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Archive for March, 2010

I just finished watching The Effective use of Consequences on my PD 360 account. This video was great as it reminded me of so many ultra-important philosophies when dealing with kids (my own included). Here are some examples:
1. Most kids would rather be seen as behaviour problems than slow learners.
2. There are no punishments, only consequences and consequences are opportunities for learning.

I found the poem below in an email one day.  The subject of the email was “do you read bad poetry”  This was a reflection activity on the relationship between consequences and punishments. After I read it I deepened my belief that we must understand the student’s perspective and stance on consequences and punishments for it to be truly reflective.  Many schools have them.  Detention rooms, Reflection rooms, Room 104, The “Thinking Room”.  What ever you might call yours I ask you, what are they for?  Who do they serve?  Is it effective or is there a better way?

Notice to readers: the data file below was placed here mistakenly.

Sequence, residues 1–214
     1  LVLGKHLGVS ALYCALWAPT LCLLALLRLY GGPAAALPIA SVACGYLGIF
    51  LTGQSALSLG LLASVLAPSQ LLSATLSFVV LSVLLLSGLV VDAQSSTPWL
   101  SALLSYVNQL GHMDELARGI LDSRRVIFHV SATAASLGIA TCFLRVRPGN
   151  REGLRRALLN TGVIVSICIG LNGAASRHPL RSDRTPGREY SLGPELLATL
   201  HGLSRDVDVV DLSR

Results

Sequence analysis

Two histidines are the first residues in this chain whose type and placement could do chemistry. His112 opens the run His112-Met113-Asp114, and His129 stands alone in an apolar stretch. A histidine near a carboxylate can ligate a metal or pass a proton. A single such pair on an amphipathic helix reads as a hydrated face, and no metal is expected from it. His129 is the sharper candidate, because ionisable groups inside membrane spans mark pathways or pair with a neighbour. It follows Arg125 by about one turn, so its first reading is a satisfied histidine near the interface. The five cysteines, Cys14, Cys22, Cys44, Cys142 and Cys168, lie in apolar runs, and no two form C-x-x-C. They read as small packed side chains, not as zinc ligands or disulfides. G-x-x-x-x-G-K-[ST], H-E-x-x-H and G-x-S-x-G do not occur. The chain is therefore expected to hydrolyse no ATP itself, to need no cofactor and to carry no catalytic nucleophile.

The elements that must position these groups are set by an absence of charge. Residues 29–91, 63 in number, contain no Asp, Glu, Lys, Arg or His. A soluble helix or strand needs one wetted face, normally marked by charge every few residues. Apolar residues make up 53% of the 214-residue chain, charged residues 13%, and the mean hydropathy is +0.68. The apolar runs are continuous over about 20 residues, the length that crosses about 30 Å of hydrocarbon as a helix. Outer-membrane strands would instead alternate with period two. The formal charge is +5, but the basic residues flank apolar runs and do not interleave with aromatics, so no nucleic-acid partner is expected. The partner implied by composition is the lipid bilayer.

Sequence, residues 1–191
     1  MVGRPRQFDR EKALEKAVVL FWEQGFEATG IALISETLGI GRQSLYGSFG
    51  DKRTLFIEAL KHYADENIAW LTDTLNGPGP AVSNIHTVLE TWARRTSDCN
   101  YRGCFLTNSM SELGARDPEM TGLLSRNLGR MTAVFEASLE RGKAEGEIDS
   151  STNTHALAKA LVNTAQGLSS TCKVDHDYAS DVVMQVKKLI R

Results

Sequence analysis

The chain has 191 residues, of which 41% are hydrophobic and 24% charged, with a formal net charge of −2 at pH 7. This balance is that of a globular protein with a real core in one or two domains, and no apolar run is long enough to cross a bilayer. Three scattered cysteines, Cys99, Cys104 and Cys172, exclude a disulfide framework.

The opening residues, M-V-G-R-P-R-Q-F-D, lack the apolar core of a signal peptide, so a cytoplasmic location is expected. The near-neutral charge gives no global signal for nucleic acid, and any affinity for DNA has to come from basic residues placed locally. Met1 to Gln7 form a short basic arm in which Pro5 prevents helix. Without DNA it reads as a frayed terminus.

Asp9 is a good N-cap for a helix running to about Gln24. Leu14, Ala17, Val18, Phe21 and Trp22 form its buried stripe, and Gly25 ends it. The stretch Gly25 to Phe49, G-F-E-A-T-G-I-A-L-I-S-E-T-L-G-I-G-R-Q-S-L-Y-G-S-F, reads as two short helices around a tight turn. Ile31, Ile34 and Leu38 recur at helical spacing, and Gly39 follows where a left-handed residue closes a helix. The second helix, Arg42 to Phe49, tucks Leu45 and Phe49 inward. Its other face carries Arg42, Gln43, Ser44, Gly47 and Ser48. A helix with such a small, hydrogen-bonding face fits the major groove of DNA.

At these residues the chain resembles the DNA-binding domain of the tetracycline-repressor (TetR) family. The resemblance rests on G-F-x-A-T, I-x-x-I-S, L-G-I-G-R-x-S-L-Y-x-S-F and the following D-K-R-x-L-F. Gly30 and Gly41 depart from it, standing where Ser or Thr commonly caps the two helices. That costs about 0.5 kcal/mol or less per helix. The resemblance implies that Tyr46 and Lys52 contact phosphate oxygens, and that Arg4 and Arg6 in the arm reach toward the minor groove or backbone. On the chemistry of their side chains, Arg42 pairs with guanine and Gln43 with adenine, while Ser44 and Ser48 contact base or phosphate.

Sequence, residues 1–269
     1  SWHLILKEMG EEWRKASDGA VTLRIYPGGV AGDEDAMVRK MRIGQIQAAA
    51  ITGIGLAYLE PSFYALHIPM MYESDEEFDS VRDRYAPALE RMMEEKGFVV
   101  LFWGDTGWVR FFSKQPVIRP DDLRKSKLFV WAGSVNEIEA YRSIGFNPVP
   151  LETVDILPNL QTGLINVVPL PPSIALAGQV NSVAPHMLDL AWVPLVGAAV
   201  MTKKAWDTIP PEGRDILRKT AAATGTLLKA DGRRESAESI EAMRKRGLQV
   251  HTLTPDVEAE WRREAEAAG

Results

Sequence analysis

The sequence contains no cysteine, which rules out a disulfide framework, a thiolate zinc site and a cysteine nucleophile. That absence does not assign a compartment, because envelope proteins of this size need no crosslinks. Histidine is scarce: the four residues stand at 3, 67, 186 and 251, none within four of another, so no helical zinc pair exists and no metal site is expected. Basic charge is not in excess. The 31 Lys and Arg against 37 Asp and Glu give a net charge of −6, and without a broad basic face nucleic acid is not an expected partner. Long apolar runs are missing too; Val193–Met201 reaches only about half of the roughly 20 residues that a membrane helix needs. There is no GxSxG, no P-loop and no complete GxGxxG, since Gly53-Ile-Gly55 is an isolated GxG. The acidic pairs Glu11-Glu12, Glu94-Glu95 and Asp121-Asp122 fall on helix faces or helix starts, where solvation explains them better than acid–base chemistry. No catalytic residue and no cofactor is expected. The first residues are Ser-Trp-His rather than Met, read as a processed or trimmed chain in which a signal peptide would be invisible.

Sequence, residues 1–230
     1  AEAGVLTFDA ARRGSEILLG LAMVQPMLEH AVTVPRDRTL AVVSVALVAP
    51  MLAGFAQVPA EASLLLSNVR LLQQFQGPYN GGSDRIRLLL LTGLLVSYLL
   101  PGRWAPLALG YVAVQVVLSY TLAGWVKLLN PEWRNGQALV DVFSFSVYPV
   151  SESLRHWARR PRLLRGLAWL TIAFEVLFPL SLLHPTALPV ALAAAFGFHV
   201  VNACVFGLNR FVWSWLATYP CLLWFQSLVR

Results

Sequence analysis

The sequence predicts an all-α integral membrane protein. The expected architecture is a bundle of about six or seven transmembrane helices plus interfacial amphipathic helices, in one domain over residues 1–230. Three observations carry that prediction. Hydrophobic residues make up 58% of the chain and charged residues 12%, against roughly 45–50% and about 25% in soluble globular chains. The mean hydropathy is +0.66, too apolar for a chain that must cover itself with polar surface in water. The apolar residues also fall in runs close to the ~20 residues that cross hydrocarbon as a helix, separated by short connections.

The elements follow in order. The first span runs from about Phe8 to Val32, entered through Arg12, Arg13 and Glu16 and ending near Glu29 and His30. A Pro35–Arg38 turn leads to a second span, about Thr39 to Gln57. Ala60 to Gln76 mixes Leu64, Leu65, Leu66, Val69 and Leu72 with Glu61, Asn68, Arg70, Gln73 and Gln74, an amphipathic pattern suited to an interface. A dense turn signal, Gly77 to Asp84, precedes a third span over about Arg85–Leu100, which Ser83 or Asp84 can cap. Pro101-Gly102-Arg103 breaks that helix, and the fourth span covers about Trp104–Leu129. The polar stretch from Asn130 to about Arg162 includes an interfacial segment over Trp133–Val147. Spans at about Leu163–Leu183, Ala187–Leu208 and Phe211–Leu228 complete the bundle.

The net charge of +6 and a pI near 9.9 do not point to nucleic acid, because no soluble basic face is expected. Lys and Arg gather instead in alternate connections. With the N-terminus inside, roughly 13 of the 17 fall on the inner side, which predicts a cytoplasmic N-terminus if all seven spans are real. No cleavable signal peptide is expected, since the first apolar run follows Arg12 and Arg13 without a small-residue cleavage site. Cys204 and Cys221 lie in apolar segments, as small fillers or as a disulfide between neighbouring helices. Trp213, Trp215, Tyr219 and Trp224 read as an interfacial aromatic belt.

Reflection Room–author unknown
I have spent too many nights – sleepless,
fighting with you in my head.
I cannot live with it.
Yet each day that it continues
without my action condones it.
My soul hurts
for kids like Kye-
punished for who his parents are,
and where he comes from,
and because he is a bother-  to us.
Kye doesn’t get what he needs.
Kye gets what we think he needs
from our privileged position.
Kye gets our pity,
but not our compassion.
When did we forget-
what it looks like and feels like
-school for Kye?
Maybe we didn’t forget-
maybe we never knew.
When did good intentions
become a battle for control-
Us vs Them? Final SMACKDOWN!
When did being on Kye’s side
mean that I’m not on yours?
Look in the mirror-
I can’t live with the reflection. (room)

I am reminded of so many important learners that have shared their experiences and beliefs with me over the last 6 years.  Todd Whitaker’s stance on relationships and student behaviour-“they need to leave the office happy because hurt people hurt people.”  I think of Kevin Cameron’s empty vessel analogy in reference to students that need “one caring adult in their lives to make a difference.”  Ruby Payne’s work goes without mentioning a single quote just the simple idea that discipline without relationship breeds resentment.  I thought about many things when viewing this segment.  What I thought about the most though was that I wanted my boy to be loved and treated with patience and understanding when he enters school.  And that is why I will extend that same right to all the students I work with.

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